Despite De Valera’s pragmatic focus on appealing to establishment leaders in Atlanta, a more radical perspective on his republican agenda was hinted at in a newspaper report of April 22nd. De Valera’s advance man, Liam Mellows, is said to have called De Valera one of the “most notable figures in the period of world reconstruction.”
Elsewhere in this period, De Valera or his staff would make common cause with international socialists, Indian and Egyptian nationalists, Native American activists and Marcus Garvey’s black nationalist movement. In many places, De Valera’s operation also sought backing from Jewish leaders. For example, Rabbi George Solomon of Congregation Mickve Israel (whose mother was Irish) was among the key supporters of his visit to Savannah.
The striking success of De Valera’s programme in Atlanta was mainly due to the efforts of his skilled advance team, a local branch of The Friends of Irish Freedom and the eminent chair of his reception committee, Frederic J. Paxon, a former chair of the Atlanta Chamber of Commerce. However, in line with the best Irish tradition, local Irish musicians also contributed patriotically. A company that had presented “The Lass from Limerick Town” the previous week at the Atlanta Theatre, sang at De Valera’s event in Taft Hall. A Mr. William Maurer delivering the solo “Erin Dear My Heart’s for You.”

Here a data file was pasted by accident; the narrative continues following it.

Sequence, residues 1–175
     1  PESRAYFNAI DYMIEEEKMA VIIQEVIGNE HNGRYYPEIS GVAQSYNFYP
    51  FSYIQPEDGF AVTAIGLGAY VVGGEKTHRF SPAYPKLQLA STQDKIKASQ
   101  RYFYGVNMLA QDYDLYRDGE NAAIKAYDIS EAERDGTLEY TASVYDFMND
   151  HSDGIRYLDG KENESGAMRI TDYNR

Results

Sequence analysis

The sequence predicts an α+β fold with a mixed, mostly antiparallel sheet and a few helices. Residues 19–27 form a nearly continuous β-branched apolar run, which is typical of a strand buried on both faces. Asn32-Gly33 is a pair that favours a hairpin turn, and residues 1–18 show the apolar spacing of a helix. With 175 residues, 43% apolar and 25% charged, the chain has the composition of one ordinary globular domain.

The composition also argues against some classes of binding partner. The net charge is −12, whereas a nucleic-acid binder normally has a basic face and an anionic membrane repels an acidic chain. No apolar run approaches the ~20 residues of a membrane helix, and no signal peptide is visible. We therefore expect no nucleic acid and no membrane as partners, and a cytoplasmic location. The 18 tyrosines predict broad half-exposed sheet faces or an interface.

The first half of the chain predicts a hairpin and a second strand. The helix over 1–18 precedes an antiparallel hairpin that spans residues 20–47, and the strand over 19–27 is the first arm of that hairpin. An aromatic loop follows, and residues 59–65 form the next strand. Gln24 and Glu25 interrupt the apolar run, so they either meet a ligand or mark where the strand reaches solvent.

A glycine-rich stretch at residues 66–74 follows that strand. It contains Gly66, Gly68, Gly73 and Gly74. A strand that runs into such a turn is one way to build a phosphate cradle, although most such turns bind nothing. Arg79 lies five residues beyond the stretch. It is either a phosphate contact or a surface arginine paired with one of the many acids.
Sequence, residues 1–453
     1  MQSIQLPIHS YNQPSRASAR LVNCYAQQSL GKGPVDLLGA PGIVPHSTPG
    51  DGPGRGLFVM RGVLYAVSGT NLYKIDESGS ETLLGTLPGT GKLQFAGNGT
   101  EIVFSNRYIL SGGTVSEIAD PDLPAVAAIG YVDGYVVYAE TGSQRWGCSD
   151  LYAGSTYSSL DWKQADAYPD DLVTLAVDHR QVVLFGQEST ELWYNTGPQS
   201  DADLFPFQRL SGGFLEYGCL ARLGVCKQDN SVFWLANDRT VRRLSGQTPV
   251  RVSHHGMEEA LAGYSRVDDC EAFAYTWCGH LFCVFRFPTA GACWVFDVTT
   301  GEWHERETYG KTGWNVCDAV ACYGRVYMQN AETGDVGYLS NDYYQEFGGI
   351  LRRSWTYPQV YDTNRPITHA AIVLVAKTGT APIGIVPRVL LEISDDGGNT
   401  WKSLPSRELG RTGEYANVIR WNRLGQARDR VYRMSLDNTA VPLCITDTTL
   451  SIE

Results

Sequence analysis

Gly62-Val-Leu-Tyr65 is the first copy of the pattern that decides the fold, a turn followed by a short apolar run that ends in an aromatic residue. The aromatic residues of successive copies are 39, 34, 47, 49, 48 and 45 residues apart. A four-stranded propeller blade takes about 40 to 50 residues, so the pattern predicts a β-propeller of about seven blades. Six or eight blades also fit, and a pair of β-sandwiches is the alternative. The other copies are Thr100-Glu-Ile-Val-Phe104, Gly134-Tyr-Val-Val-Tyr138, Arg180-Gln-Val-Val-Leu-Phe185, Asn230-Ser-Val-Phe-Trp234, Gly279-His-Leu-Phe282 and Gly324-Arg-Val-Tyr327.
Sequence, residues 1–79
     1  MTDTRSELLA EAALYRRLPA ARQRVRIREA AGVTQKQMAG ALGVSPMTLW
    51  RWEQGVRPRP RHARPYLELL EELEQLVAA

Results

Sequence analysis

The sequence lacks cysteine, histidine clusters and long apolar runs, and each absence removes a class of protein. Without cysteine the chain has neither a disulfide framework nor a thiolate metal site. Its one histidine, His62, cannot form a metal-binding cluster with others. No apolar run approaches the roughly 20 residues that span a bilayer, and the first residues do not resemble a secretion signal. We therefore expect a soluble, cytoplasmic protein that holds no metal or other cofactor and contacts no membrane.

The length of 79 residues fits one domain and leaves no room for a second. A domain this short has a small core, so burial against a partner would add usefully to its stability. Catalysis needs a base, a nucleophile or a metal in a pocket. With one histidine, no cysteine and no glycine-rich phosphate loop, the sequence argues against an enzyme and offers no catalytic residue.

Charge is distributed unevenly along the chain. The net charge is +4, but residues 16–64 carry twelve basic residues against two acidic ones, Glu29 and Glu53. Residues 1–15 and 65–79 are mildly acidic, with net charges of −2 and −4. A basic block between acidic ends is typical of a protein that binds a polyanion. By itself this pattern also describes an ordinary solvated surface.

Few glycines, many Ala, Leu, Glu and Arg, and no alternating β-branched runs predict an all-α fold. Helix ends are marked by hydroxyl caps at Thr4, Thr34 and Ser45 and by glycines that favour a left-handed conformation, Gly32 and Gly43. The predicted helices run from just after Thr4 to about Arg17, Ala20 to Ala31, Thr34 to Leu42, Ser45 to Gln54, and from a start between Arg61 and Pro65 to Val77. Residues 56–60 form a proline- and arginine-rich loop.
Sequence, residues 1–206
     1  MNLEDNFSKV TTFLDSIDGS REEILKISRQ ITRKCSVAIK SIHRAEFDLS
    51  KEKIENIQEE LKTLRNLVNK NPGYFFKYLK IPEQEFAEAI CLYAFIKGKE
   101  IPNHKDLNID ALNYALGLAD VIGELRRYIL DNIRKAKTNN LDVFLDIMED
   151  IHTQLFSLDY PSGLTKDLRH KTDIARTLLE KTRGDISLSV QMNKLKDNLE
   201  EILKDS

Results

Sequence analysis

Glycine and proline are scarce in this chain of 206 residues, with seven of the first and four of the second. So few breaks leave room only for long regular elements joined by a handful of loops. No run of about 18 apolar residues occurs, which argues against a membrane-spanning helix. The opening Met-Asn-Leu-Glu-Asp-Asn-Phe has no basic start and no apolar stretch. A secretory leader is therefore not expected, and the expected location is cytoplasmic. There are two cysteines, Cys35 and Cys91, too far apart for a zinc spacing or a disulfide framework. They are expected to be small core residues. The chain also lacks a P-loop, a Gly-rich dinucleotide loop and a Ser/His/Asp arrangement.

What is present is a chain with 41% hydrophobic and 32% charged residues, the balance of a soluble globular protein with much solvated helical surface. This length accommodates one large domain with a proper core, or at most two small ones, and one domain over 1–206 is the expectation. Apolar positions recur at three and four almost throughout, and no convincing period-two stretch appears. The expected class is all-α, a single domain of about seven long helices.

After the tribulations of Ireland’s War of Independence and Civil War, Eamon De Valera went on to become Ireland’s longest-serving head of government and President.
Shane Stephens is Consul General of Ireland, Atlanta.
A public event to mark the centenary of De Valera’s visit had been arranged at Dahlberg Hall by Georgia State University, Atlanta’s Irish community and the Consulate General of Ireland for April 23rd, with Dublin-based historian Dr. Brian Hanley as the guest speaker. This is now being rescheduled.